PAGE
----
Everyone has heard the rumors … “The Post Office is closing” … “They are laying off all the postal workers” … “We’re only going to get mail two days a week!”
These are only rumors, no need to panic. If Kevin Costner could deliver the mail in a post-apocalyptic United States, I’m sure we’ll manage today. The USPS has proposed substantial operational changes in order to become financially stable and ensure a more healthy future, and I can tell you direct mail is still alive and well … and is actually the direct marketer’s most powerful tool.
Despite the rise in postal rates and printing costs, direct mail continues to be the workhorse of the direct marketing world. It is the only medium that can tell us so much about those who do and don’t respond to our offers and buy our products. It’s where we can test creative, test offers, and learn about our consumers in-depth by using the power of data and analytics that is available to us today.
One Man’s “Junk” is Another Man’s Ad
Every other medium is supported by advertising; but when marketers support the postal system with “advertising mail” – the consuming public calls it “junk mail.” Why do you think so many think it’s junk? It’s because so much of what we get in our mailboxes is just not relevant to our wants and needs. We can surf past an ad on TV that’s not for us. It’s a quick delete on email. A flip of the page in a magazine. But when it’s in our mailbox we have to carry it, sort and trash or recycle what we don’t want. But – what we want we keep. We read it, we order from it – or we save it for a time when we have more time. No other medium can deliver what direct mail delivers.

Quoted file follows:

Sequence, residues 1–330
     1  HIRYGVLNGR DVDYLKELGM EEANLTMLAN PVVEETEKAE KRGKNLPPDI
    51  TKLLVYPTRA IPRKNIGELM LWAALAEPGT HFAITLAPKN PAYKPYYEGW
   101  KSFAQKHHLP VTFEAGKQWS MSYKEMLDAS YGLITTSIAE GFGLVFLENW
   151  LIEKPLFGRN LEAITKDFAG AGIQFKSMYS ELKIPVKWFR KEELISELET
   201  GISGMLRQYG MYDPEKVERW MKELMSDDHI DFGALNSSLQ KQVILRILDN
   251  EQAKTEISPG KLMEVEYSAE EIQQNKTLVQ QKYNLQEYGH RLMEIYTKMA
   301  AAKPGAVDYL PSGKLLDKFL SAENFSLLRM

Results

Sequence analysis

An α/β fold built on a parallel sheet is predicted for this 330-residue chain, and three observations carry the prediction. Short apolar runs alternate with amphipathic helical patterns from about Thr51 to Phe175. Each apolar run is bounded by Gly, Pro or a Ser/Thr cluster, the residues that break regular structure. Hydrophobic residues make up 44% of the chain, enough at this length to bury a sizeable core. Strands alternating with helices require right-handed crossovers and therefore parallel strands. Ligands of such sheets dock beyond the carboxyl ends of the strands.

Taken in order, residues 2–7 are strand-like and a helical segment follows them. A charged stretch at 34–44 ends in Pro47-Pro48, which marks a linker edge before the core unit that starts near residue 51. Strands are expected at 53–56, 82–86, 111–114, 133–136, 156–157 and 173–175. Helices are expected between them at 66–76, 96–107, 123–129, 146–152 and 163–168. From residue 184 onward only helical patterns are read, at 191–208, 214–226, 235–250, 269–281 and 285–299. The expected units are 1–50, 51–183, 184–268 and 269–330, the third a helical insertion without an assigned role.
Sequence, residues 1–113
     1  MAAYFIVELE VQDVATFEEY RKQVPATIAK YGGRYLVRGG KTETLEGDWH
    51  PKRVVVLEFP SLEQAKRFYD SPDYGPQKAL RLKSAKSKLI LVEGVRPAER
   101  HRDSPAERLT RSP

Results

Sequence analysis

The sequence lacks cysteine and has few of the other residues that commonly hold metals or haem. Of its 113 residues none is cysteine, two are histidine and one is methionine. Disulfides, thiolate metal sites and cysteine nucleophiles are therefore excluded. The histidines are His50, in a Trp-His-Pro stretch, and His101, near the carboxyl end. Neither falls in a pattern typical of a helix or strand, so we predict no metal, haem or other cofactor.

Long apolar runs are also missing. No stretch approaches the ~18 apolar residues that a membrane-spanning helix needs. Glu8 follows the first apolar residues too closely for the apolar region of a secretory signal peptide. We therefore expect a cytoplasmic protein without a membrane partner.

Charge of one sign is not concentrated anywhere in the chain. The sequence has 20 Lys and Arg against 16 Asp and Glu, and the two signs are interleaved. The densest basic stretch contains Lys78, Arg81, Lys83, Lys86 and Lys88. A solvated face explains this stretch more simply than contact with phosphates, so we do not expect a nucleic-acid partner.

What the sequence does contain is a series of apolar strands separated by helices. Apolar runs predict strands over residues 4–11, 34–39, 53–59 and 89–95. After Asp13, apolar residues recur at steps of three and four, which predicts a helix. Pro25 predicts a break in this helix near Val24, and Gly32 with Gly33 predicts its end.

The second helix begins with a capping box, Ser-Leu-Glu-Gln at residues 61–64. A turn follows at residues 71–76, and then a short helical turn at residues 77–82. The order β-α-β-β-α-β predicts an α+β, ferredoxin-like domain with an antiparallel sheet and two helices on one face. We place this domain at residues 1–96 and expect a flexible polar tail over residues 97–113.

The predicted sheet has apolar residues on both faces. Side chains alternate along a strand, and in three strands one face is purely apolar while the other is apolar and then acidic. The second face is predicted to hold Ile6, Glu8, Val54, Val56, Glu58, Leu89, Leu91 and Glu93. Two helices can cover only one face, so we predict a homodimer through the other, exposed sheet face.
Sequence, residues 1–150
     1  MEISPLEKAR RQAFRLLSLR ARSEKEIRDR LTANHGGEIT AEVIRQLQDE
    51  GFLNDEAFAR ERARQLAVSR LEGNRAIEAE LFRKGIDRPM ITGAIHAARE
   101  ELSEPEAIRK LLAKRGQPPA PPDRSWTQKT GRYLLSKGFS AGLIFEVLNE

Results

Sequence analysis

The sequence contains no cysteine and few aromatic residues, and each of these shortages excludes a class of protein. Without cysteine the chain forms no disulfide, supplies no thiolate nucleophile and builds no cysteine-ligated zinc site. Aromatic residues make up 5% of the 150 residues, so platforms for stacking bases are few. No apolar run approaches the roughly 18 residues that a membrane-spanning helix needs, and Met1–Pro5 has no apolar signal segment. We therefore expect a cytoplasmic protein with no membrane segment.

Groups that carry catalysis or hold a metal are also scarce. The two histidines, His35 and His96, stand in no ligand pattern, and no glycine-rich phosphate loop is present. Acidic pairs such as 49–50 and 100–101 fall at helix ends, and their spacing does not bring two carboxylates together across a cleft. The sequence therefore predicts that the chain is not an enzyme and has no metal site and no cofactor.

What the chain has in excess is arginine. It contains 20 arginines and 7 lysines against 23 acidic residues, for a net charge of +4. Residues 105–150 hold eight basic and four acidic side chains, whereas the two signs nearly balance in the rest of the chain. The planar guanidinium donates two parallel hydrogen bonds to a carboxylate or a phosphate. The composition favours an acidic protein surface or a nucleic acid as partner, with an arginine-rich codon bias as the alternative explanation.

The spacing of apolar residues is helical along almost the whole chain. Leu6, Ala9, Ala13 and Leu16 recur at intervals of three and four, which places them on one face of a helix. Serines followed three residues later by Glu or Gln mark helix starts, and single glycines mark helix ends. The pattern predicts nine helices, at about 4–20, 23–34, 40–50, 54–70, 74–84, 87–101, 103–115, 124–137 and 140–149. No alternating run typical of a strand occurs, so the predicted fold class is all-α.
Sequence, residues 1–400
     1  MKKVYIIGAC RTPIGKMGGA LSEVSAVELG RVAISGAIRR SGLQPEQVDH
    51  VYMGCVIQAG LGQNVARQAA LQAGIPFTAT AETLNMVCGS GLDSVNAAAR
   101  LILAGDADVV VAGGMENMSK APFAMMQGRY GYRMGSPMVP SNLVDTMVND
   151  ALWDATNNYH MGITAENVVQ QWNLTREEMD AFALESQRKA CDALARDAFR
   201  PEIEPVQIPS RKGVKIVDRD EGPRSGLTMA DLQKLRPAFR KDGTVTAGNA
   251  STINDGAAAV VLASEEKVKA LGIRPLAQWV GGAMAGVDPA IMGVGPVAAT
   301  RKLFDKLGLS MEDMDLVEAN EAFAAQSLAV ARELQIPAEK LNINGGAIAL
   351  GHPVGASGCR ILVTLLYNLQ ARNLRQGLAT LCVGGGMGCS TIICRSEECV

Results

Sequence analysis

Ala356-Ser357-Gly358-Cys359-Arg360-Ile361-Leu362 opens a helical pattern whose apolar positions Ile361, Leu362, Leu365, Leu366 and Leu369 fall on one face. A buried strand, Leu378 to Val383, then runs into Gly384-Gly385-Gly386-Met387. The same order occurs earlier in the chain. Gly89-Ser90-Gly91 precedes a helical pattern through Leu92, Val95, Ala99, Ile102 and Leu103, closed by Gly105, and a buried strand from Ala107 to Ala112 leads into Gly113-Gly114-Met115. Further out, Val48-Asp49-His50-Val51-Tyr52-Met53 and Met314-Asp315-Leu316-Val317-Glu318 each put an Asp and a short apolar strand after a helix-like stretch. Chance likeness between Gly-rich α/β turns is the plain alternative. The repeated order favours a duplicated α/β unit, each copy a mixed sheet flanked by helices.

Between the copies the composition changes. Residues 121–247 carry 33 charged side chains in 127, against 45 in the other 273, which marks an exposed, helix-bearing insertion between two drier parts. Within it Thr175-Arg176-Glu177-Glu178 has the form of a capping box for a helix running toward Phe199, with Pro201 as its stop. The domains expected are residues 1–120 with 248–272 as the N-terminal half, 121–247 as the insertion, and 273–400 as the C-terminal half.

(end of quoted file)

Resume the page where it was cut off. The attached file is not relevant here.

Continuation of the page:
How to Harness the Power of Direct Mail
So, our job is to use the power of the data that we can harness today, and make sure we are doing our very best to put a message that’s relevant to every recipient in their mailbox. That’s a tall order – but we’ve only failed if we’ve failed to try! So let’s build models that target our prospects, use digital printing to vary the copy and the images to fit each household, and actually save some trees by mailing fewer pieces while maintaining (or improving) response rates and sales.
There’s no doubt that postage is likely the single most expensive part of any direct mail campaign. Postal rates continue to increase because there’s less first-class mail due to electronic banking, billing, and bill pay. Standard mail — advertising mail — supports the postal system. Doing less mail and smarter mail isn’t going to put the volume in the system that the USPS needs to survive. But I believe that the USPS will find a way to survive and thrive – even as we do our jobs better than ever before.